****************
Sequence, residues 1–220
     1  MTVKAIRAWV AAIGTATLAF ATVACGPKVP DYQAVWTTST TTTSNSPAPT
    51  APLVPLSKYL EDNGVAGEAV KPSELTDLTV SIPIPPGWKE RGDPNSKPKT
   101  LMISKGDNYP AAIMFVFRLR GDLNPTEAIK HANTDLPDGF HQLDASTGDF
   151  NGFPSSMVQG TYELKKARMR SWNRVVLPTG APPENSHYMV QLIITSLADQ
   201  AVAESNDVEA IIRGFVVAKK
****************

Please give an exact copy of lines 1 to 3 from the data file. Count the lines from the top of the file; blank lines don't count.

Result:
Sequence, residues 1–220
     1  MTVKAIRAWV AAIGTATLAF ATVACGPKVP DYQAVWTTST TTTSNSPAPT
    51  APLVPLSKYL EDNGVAGEAV KPSELTDLTV SIPIPPGWKE RGDPNSKPKT